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You don't have to meet with a president or a prime minister to understand the political minefield Pope Francis has walked here in the Holy Land. Simply going around Jerusalem and talking to people will show you how loaded even the most innocuous conversations in this part of the world can be.
This afternoon, as I stood on the Mount of Olives to take this picture, a man came up to me and asked if I wanted to take a camel ride. I smiled politely and declined his offer. Frustrated that the security lockdown for the pope's visit had cut off the typical flow of tourists, he launched into a diatribe against the pope, Prime Minister Benjamin Netanyahu and President Barack Obama. While I am not sure how President Obama impacted his business today, after a few minutes it became clear his issues with the pope and the Israeli government ran much deeper than just one day of bad business.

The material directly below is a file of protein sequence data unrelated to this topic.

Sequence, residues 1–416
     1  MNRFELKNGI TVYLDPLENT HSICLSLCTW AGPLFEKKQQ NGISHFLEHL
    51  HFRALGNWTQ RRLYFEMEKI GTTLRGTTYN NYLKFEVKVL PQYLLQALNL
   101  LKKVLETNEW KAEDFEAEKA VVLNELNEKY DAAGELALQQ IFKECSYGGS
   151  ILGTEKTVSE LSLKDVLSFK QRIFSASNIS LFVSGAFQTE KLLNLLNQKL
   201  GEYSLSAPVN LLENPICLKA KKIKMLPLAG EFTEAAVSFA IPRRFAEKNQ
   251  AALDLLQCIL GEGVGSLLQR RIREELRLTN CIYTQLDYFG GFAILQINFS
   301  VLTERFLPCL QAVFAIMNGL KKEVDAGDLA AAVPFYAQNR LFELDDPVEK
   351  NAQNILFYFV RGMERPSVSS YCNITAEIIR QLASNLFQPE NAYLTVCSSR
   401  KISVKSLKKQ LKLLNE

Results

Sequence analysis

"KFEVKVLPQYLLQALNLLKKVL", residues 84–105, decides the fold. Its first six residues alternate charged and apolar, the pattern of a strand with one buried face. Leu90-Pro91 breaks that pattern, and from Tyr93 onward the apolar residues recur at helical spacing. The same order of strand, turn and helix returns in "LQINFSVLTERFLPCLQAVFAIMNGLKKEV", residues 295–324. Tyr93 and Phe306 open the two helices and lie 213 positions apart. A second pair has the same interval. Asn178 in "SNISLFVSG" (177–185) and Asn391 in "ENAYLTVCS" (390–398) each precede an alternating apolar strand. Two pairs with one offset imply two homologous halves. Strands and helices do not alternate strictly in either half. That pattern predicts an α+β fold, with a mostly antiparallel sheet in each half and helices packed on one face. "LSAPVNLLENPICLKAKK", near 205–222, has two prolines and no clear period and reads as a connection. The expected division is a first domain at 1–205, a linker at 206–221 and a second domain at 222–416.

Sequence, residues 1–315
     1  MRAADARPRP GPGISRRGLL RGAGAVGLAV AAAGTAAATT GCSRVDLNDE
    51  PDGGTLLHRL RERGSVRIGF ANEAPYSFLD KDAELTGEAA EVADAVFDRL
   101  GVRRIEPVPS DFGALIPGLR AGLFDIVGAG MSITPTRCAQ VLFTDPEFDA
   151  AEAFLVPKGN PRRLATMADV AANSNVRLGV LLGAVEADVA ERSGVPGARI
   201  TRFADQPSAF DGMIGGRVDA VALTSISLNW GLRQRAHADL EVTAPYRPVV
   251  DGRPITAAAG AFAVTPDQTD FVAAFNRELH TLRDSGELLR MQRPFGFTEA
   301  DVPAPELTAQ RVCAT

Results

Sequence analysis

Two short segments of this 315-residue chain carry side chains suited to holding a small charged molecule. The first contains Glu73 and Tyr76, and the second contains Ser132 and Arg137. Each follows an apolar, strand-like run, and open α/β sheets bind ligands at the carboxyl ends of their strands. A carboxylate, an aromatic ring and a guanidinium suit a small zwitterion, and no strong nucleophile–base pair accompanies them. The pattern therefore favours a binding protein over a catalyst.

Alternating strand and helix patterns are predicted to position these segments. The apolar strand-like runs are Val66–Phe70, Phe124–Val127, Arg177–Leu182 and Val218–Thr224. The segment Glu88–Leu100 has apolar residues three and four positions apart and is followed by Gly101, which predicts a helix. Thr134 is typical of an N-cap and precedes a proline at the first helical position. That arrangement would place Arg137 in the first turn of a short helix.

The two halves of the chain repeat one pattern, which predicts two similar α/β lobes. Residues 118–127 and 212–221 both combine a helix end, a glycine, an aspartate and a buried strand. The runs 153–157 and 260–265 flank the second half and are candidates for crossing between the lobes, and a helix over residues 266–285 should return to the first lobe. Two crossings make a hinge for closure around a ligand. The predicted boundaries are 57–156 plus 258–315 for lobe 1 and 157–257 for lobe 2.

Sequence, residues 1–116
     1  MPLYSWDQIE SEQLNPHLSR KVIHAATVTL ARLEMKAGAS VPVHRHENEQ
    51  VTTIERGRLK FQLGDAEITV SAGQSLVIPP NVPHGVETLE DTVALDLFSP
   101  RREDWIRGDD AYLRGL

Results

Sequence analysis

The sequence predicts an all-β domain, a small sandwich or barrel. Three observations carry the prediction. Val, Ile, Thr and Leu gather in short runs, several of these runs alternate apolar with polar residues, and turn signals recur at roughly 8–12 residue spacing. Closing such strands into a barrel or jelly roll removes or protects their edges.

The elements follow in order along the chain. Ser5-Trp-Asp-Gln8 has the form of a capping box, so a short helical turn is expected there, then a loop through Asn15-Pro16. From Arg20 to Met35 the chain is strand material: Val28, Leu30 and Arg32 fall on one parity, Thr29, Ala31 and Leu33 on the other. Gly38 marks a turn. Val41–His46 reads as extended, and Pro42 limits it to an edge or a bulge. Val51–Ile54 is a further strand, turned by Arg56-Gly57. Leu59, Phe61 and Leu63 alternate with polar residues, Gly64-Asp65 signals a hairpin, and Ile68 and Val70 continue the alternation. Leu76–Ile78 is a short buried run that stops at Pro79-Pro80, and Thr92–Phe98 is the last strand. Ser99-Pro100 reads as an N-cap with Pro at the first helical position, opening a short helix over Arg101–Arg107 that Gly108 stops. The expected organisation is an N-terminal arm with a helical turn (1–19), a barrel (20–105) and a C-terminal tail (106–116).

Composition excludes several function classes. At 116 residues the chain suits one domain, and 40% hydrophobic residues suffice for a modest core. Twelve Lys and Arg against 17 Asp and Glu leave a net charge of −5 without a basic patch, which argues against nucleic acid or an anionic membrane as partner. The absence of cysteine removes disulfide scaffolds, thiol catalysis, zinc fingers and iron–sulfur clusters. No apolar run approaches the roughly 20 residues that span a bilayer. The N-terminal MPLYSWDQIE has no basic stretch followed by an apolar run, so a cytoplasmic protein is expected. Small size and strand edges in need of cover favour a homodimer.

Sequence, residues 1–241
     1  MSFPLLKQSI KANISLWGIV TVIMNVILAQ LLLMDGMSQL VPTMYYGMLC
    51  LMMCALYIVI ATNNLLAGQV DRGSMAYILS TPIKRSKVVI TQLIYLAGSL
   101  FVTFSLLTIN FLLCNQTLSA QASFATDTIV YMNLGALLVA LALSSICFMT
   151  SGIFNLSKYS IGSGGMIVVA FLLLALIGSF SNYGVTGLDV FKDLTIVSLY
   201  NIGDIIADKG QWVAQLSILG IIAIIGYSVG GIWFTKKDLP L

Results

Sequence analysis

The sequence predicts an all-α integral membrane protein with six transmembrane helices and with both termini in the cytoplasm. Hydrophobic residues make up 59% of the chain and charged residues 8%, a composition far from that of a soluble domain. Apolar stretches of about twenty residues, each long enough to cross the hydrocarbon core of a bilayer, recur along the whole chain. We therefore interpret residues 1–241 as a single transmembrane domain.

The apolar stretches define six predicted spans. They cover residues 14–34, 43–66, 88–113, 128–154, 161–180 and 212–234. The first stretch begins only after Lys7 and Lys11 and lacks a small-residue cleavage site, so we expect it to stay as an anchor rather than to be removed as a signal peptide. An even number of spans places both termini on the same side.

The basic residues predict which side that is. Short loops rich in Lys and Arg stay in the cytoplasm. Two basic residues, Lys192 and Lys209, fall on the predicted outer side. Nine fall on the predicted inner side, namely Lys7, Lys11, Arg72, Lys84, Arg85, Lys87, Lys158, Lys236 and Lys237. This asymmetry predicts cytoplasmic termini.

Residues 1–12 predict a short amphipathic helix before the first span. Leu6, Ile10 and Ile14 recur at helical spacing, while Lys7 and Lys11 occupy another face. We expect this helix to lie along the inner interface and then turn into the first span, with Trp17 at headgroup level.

The man said the church where the pope stayed was on land that once belonged to his grandfather. He claimed the Vatican and the Israeli government conspired to take it from his grandfather. When I asked him when that happened, he would only say years ago. And then he added that he hates the pope.
This evening as I was being filmed for "NBC Nightly News" inside the old city, one of the shopkeepers cheered me on and offered some directorial advice. Producer Clare Duffy turned to him and joked, "Everyone is a director." Another man walking down the street, leaned into Clare's face and said, "He's an Arabic liar."
Jerusalem is a holy and spectacular setting, and there is some optimism that Pope Francis is putting his considerable personal clout behind a peace effort, inviting Palestinian President Mahmoud Abbas and Israeli President Shimon Peres to the Vatican next month. But as I found out today, these divisions run very deep, and some don't even try to hide. A prayer meeting is a start, but it will, by no means, be the end.